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Singapore reports 3,474 new COVID-19 cases and 7 more deaths

Singapore reports 3,474 new COVID-19 cases and 7 more deaths

Pedestrians wearing face masks cross the street. (Photo: Calvin Oh/CNA)

SINGAPORE: Singapore reported 3,474 new COVID-19 cases as of noon on Wednesday (Nov 17), as seven more people died from complications due to the coronavirus.

The fatalities were aged between 47 and 83. All of them had various underlying medical conditions. The Ministry of Health (MOH) did not specify what these medical conditions were.

This is the lowest daily number of fatalities reported since Oct 23, when six deaths were recorded. The COVID-19 death toll in Singapore is now 619.

The number of new cases reported on Wednesday is up from the 2,069 infections reported on Tuesday.

The weekly infection growth rate is 0.89 as of Wednesday, higher than the 0.88 reported on Tuesday. This refers to the ratio of community cases for the past week over the week before.

Of the new cases reported on Wednesday, 3,464 infections are locally transmitted, comprising 3,320 cases in the community and 144 infections in migrant workers' dormitories.

There are 10 imported cases, MOH said in its daily update released to the media at about 11.15pm. 

As of Wednesday, Singapore has reported 244,815 COVID-19 cases since the start of the pandemic.

HOSPITALISATIONS

A total of 1,468 cases are warded in hospital, with 242 patients requiring oxygen supplementation in general wards.

Forty-eight cases are unstable and under close monitoring in the intensive care unit (ICU), and 64 are critically ill and intubated. The current overall ICU utilisation rate is 62.6 per cent.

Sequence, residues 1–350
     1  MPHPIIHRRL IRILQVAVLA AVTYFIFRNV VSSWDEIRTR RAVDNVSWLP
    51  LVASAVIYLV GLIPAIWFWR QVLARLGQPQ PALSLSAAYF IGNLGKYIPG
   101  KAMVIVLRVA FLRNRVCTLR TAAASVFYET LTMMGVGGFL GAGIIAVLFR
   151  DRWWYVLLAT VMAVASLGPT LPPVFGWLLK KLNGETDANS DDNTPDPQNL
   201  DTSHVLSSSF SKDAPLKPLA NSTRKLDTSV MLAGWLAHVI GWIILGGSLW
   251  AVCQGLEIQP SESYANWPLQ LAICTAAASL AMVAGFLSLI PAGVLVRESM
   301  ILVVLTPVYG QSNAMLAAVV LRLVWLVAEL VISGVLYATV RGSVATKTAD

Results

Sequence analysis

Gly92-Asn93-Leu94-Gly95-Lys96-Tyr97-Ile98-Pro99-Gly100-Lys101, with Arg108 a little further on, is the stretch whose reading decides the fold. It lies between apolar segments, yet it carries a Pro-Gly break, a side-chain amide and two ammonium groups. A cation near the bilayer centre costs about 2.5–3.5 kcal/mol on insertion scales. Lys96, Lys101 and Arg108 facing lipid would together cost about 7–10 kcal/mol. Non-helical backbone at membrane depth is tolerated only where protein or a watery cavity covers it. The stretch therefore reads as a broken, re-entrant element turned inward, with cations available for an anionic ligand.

A total of 2,555 cases were discharged over the past day, of whom 401 were seniors aged above 60.

"Seniors 60 years old and above, especially if unvaccinated, continue to be more adversely affected by COVID-19," said MOH.

Of the 86,055 cases over the last 28 days, 98.7 per cent had mild symptoms or were asymptomatic, while 0.8 per cent required oxygen supplementation in the general ward, 0.2 per cent were in the ICU and 0.2 per cent died.

VACCINATIONS

As of Tuesday, 94 per cent of Singapore’s eligible population – those aged 12 and above – have completed their full regimen or received two doses of COVID-19 vaccines.

Among the total population, 85 per cent have completed their full regimen or received two doses of COVID-19 vaccines, and about 86 per cent have received at least one dose. About 21 per cent have received their booster shots.

CLUSTERS

MOH said it is "closely monitoring" nine large clusters.

This includes a cluster at Jamiyah Nursing Home, which reported seven new cases on Wednesday, bringing its total to 27 cases. 

The cluster at Banyan Home @ Pelangi Village grew to 108 cases, after five new cases were added. 

LIANHUA QINGWEN NOT APPROVED FOR COVID-19

Earlier on Wednesday, the Health Sciences Authority (HSA) said that Chinese medicine Lianhua Qingwen is not approved for the treatment of COVID-19 symptoms. 

This comes amid claims circulating on social media and in Telegram chat groups that Lianhua Qingwen products can be used to prevent or treat COVID-19.

"Some Lianhua Qingwen products are listed as Chinese proprietary medicines in Singapore for the relief of cold and flu symptoms. HSA approved them based on the documented uses of the ingredients present in the products," said the authority.

"To date, there is no scientific evidence from randomised clinical trials to show that any herbal product, including Lianhua Qingwen products, can be used to prevent or treat COVID-19."

All herbal products for common cold and flu should only be used to manage symptoms such as headache, runny or blocked nose, sore throat and cough, said HSA.

"We strongly advise members of the public not to fall prey to unsubstantiated claims or spread unfounded rumours that herbal products can be used to prevent or treat COVID-19," it added.

Editor's note: The breakdown of cases at the NTUC Health Nursing Home (Chai Chee) cluster has been updated following a clarification from MOH.

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Source: CNA/ad

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